poetry, notably, Bella Akhmadulina, Andrei Voznesensky, Yevgeny Yevtushenko,
Timur Kibirov, and Yevgeny Rein. After the address poets and businessmen
met at a round table.
As the Russian book market became increasingly commercialized, poetry
dropped out of view of editors and readers. As a result, the past few years
have not seen a single prominent poetic name, and not because Russia has
suddenly run dry of talent. In the same years many young prose writers
have risen to national prominence, for example, last year's Booker Prize
winner, Mikhail Shishkin, with his epic novel "Capture of Izmail"
or Mikhail Kononov with "Funeral of a Grasshopper". As for poetry,
the dramatic situation has, most likely, been created by the poets themselves:
many have hidden from the realities of modern life behind the covers of
elite literary journals meant for a narrow circle of connoisseurs. To revive
an interest in modern poetry among the wide reading public considerable
financial backing is needed. And for this the prominent poets have turned
to Russian businessmen.
"In the history of Russian culture poetry has always played a
special role," says the well-known poet Yevgeny Rein. "It is
like a nerve, which responds to every minute change that takes place in
the life of society. Not accidentally, such Russian poets as Mayakovsky,
Pasternak, Tsvetaeva, Mandelstam, Akhmatova and Brodsky have left the brightest
mark in the history of 20th century world culture. Russian poetry is our
priceless heritage. But it cannot survive without support. Especially now
when cheap mass culture production is gradually washing out the spiritual
foundations of society. So we are calling upon you to help poetry, poets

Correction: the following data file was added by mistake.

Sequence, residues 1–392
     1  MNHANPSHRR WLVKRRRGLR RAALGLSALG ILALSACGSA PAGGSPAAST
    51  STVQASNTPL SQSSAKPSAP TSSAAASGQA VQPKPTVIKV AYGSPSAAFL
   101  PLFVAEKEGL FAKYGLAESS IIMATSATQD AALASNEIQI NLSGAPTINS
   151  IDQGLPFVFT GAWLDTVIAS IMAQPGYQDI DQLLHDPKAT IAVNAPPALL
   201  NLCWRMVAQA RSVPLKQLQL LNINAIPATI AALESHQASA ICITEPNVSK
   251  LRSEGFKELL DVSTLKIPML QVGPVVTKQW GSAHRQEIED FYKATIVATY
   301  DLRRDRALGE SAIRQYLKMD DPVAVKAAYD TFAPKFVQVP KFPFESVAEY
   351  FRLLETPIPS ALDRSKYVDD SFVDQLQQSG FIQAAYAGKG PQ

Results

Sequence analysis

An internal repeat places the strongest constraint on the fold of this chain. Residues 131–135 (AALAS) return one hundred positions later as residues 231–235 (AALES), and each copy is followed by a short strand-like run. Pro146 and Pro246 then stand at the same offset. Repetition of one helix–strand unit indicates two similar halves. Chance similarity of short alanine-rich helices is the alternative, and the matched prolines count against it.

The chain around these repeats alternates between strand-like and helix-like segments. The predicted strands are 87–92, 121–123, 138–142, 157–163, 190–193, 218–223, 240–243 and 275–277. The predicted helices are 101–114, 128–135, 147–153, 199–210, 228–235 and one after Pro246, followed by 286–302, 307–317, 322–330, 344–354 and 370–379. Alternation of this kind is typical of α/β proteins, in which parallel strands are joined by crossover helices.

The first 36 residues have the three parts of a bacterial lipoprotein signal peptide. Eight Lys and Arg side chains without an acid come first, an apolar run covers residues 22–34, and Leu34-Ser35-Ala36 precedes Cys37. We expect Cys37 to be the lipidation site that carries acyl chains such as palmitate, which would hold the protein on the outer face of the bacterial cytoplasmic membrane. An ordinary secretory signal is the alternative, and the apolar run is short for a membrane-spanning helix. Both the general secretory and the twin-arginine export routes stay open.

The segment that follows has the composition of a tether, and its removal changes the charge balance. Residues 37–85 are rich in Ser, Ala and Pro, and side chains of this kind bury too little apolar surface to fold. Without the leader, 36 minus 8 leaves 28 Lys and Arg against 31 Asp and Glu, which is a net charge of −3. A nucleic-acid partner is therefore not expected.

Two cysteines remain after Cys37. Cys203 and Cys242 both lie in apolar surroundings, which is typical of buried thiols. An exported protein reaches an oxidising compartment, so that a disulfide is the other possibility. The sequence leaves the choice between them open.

and readers by publishing books and contributing to educational projects."
The call has been heard by many Russian businessmen. For example, the
head of the Moscow Inter-bank Currency Exchange, Alexander Zakharov, believes
that the role that literature will play in society will determine the well-being
of this country. He says:
"In the past decade the image of economist and businessman has
been predominant in public mind. But we remember different times, when
poets were the dominant influence, when the literary evenings at the Polytechnical
Museum attracted thousands of people. Now we need to return to the cult
of the word. Because it's the word that lies in the basis of ethics, esthetics,
and, in the long run, economics."
It is gratifying that many wealthy people are ready to channel their
money to the development of culture. All the more so that the patronage
of the arts in Russia has long-standing traditions. Before the 1917 revolution
merchants and industrialists were willing to donate money to theaters,
museums, scientific societies and literary journals. But at the beginning
of the 20th century patrons of the arts were modest and entered the literary
parlors shy of the celebrities around them. The contemporary, on the contrary,
are often proud and self-satisfied. They would treat an artist or writer
with condescension, slapping him on the back, oblivious of the fact that
people remember the name of the ancient Roman patron of the arts Maecenas
only because he helped to the great poet Horace .
4 May 2001
Copyright © 2001 The Voice of Russia